Updated 16 May 2014

Feeding a picky eater

If your child is a picky eater you will know how difficult it is to feed them. We get a clinical paediatric dietitian to advise.

If your child is a picky eater you will know how difficult it is to feed them. Kath Megaw, a Clinical Paediatric Dietician has some advice on how to cope with a picky eater.

"Consistency is key. Some parents are far better at being consistent than others, but it’s no mystery why most parenting books will tell you it’s one of the most important things when it comes to discipline and children. And it applies to food, too. If you are consistent, whether it’s with your household rules, chores, or consequences for behaviours, the children know exactly what their limits are. If you stray from your rules and consequences, even once, the child doesn’t know when she will get away with something and when she won’t. These are general guidelines, of course, and there are always exceptions," she says.

However, one thing is clear, she adds - if you want your child to realise that you are the one who decides what and when he eats, you want him to know you trust him to be the one who decides how much or whether he eats at all, and you want him to know without a shadow of a doubt that you will not be his short-order cook anymore, you absolutely have to be consistent.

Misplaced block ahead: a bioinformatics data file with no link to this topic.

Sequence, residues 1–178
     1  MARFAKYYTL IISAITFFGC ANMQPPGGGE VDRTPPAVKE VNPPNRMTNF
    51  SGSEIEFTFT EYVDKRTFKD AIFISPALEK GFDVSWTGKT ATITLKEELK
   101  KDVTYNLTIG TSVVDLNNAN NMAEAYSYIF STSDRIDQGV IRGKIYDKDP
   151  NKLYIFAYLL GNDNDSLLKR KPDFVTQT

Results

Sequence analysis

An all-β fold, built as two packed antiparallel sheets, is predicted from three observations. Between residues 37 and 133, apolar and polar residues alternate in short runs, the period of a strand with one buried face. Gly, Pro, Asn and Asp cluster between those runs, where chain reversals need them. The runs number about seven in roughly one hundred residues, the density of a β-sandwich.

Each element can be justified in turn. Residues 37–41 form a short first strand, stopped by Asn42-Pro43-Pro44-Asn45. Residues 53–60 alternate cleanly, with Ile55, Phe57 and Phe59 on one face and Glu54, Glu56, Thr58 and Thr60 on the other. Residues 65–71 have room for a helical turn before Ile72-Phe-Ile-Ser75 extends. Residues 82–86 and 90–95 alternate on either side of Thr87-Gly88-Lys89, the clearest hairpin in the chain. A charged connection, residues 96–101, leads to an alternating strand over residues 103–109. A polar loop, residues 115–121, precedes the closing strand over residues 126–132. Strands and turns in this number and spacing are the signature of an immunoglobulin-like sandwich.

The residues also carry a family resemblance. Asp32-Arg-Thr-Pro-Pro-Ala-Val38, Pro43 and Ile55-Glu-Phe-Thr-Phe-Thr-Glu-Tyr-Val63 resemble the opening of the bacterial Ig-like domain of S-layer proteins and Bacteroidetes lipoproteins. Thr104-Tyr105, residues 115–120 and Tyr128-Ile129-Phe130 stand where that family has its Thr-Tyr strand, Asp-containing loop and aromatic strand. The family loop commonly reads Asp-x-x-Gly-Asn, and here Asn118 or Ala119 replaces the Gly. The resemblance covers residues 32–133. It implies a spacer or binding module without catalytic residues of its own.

5 dos and don'ts


1. Offer nutritious food.

2. Have at least one sit-down family meal a day.

3. Have planned, healthy snacks halfway between meals.

4. Offer the “one treat a day” rule to discourage eating dinner to get dessert.

5. Let your child determine how much and whether she eats at all.


1. Bribe, threaten, coax, plead, or disguise food.

2. Prepare special meals for your child if she doesn’t like what you’re having for dinner.

3. Offer snacks throughout the day, even if your child didn’t eat much during mealtime.

4. Engage in arguments or negotiations about food with your child.

5. Don’t give up.

Reference: Kath Megaw, Clinical Paediatric Dietician. For more information visit

(Amy Froneman, Health24, May 2012)

(Picture: Picky eater from Shutterstock)




Read Health24’s Comments Policy

Comment on this story
Comments have been closed for this article.

Live healthier

Teen angst »

Detecting depression: Phone apps could monitor teen angst

Studies have linked heavy smartphone use with worsening teen mental health. But as teens scroll through Instagram and Snapchat, tap out texts or watch YouTube videos, they also leave digital footprints that might offer clues to their psychological well-being.

Lifestyle changes »

Lifestyle changes helped new dad shed more than 20kg

Erik Minaya started to put on the kilos during his first year year in college. By age 24, he tipped the scale at nearly 120kg. But then he cut out fast food, replacing it with lower-carb offerings that he prepared himself.